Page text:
Many everyday objects can double up as improvised sewing tools. In the Deer&Doe workshop, we’ve tried everything we could get our hands on, from tuna cans used as pattern weights to customizing our machine with masking tape to mark seam allowances. Today we’re sharing our favorite tips, each of them tried and true 😉
Ironing aids, such as Glide or Faultless, can be found in most supermarkets and craft stores and they are very useful to sew rayon or silk. Just spray it on the fabric and iron, and slippery fabrics become as well-behaved as cottons! But did you know you can actually achieve the same effect using ingredients from your kitchen cabinets?
Once you have finished sewing your garment, you just need to rince the mixture off and let it air dry and your fabric will go back to its original drape!
Another cupboard item that can tame fabric: white vinegar! Soaking your fabric with a little vinegar before washing it for the first time will help lock its colors in. This is especially useful for fabrics that tend to bleed a lot, such as denim. Just add half a cup of white vinegar in a bucket of cold water, and let your fabric soak in for 30 minutes before putting it in the wash.
While you are in the kitchen, grab a roll of aluminum foil to sharpen your cutting tools! If your rotary cutter’s blade is dull, instead of changing it right away, try this technique: take a long sheet of foil and fold it several times on itself, until you have at least 8 layers. Place the foil on your cutting mat and roll your rotary cutter on it, several dozen times. Try it every so often on a scrap of fabric: you should notice a clear improvement! This works just as well with fabric scissors 😉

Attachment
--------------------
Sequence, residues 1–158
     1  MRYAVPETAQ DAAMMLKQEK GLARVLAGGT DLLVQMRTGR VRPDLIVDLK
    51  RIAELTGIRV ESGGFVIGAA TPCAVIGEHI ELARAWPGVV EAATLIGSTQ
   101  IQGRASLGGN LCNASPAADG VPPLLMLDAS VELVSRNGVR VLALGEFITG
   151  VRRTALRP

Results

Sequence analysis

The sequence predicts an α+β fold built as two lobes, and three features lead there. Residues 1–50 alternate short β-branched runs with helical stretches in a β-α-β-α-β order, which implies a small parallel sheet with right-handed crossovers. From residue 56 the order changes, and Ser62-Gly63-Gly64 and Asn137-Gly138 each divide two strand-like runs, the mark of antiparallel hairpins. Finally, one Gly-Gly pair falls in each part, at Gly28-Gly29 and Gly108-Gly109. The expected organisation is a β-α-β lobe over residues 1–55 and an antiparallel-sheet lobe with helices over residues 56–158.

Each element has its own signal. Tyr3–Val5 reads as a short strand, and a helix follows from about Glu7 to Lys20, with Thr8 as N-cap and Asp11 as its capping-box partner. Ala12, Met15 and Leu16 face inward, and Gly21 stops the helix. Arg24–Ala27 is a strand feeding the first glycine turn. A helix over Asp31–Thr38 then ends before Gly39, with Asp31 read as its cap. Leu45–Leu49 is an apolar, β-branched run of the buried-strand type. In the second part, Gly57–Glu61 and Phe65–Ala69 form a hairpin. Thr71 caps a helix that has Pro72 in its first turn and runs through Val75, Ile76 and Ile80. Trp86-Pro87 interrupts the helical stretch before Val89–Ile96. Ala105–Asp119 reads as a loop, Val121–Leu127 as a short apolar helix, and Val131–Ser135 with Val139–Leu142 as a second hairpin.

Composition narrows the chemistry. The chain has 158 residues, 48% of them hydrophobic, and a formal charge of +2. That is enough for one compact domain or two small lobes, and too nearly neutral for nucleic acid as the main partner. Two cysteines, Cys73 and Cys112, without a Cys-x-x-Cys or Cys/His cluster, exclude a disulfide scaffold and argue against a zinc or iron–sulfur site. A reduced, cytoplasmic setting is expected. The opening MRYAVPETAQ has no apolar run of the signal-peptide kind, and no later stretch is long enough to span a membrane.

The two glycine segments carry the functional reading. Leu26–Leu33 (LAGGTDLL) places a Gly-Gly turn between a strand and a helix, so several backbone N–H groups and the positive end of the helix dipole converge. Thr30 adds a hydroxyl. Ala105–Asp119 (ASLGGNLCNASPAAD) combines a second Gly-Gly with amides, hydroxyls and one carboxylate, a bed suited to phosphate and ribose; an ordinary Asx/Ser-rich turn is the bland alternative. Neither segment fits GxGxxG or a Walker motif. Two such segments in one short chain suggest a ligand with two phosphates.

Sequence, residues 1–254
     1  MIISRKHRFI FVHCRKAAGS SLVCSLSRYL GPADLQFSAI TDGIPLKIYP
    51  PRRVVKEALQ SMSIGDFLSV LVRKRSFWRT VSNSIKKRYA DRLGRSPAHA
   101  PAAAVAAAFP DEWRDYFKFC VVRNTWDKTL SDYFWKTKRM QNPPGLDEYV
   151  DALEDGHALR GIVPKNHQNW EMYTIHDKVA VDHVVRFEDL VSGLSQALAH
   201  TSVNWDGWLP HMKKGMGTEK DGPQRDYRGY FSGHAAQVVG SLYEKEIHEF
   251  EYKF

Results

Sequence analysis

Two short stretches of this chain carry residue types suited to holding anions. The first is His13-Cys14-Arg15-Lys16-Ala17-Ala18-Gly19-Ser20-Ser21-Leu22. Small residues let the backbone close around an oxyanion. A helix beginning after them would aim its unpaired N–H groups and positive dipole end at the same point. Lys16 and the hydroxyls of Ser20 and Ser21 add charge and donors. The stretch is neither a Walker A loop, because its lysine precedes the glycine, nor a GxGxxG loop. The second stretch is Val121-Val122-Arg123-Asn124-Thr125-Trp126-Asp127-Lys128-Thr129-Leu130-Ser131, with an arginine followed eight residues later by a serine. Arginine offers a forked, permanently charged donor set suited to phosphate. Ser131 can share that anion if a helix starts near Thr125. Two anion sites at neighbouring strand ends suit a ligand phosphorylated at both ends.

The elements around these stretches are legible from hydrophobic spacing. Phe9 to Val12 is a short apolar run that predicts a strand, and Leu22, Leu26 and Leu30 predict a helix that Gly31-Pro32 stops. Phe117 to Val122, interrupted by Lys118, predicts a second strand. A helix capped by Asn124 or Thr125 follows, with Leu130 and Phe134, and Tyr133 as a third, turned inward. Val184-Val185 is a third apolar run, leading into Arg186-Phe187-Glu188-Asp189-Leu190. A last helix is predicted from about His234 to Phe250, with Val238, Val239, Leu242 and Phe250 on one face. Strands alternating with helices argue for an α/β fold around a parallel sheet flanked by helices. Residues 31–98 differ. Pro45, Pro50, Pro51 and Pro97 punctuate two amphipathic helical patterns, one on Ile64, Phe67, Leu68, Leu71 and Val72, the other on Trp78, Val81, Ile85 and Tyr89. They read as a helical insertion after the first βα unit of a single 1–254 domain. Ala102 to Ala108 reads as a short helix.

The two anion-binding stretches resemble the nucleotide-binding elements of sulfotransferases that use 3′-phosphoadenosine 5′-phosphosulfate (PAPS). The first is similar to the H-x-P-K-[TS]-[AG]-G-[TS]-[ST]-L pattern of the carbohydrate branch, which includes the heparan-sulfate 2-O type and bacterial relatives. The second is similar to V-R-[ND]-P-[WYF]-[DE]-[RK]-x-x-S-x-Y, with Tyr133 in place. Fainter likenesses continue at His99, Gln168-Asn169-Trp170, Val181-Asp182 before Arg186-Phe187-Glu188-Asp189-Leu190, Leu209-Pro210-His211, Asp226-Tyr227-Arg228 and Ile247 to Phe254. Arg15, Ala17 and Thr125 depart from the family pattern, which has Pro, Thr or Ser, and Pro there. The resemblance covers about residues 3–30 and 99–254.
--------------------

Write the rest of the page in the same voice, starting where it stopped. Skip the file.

Last but not least in the kitchen series, the infamous wooden spoon! To press open the shoulder seams of a lined sleeveless top, such as the Datura blouse, slip the handle of a wooden spoon between the layers and use it as a pressing tool.
My favorite improvised tool might be in your kids’ backpack: Pilot FriXion felt-tip pens! These magical markers disappear with the heat of an iron, and can be used to mark fabric very clearly without leaving any trace afterwards. You can find them in most supermarkets and they come in plenty of colors. Try the felt-tip pens rather than the rollerball gel-ink ones as they will glide on fabric better, and don’t forget to try it on a swatch beforehand!
How about black or navy fabrics, on which you can’t really see felt-tip pen lines? In this case, do like Eléonore and mark your fabric with soap! Soap is very visible on dark colors, glides smoothly on the fabric and goes away in the wash. Carve your soap bar to get a thin edge, or use tiny soap bars like the ones you find in hotels 🙂